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Transport Infrastructure for Carbon Capture and Storage

By: Elizabeth Abramson and Dane McFarlane, Great Plains Institute; Jeff Brown, University of Wyoming (June 2020)

Transport Infrastructure for Carbon Capture and Storage

This detailed analysis by the International Energy Agency (IEA) emphasizes the pivotal role carbon capture technology will play in achieving mid-century US and global carbon reduction goals and temperature targets. This technology aids power and industrial sectors in minimizing or eliminating carbon emissions while preserving and generating high-wage jobs. The report reveals that for carbon-intensive industries like steel and cement, significant CO2 emissions emanate from the production process itself, irrespective of the source of process energy. As such, carbon capture is an indispensable tool for reducing emissions from industries that are difficult to decarbonize, even when they switch to low-carbon electricity.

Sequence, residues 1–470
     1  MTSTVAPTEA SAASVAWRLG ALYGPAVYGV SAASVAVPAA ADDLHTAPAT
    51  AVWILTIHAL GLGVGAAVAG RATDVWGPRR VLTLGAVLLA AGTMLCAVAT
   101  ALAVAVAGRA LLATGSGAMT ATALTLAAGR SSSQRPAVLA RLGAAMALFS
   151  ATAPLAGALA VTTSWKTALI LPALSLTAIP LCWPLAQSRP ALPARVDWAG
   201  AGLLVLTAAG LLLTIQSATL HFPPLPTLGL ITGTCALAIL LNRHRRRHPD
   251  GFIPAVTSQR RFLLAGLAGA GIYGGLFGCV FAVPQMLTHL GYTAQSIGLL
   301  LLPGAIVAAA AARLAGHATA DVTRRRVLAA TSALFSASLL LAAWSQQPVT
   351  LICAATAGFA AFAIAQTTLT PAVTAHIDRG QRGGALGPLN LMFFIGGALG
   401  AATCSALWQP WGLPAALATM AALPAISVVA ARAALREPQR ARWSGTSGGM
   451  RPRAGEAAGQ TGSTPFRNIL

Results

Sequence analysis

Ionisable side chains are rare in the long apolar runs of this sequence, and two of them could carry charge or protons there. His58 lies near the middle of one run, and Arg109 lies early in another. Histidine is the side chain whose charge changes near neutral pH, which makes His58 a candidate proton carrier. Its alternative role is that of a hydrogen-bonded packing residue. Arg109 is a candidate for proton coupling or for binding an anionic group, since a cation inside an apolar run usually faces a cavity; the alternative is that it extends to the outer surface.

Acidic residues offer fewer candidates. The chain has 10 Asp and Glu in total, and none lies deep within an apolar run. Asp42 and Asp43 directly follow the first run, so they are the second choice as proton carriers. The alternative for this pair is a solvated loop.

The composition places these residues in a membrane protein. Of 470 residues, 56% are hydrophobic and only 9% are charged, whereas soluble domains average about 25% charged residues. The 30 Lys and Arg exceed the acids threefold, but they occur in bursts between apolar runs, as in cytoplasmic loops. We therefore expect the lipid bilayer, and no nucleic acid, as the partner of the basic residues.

To attain these decarbonization goals, the implementation of substantial infrastructure is crucial for both industrial and power sectors, even considering aggressive low-carbon and renewable energy adoption. This will involve retrofitting carbon capture equipment at industrial and power facilities and developing regional-scale transport infrastructure to convey captured CO2 to sites for utilization and long-term storage. The analysis also delves into the advantages of “super-sizing” CO2 infrastructure and the necessity for long-term planning on regional CO2 transport corridors. Furthermore, it outlines the findings of a two-year modeling project to pinpoint regional-scale CO2 transport infrastructure that can serve existing facilities and accommodate new capture projects and facilities in the future.

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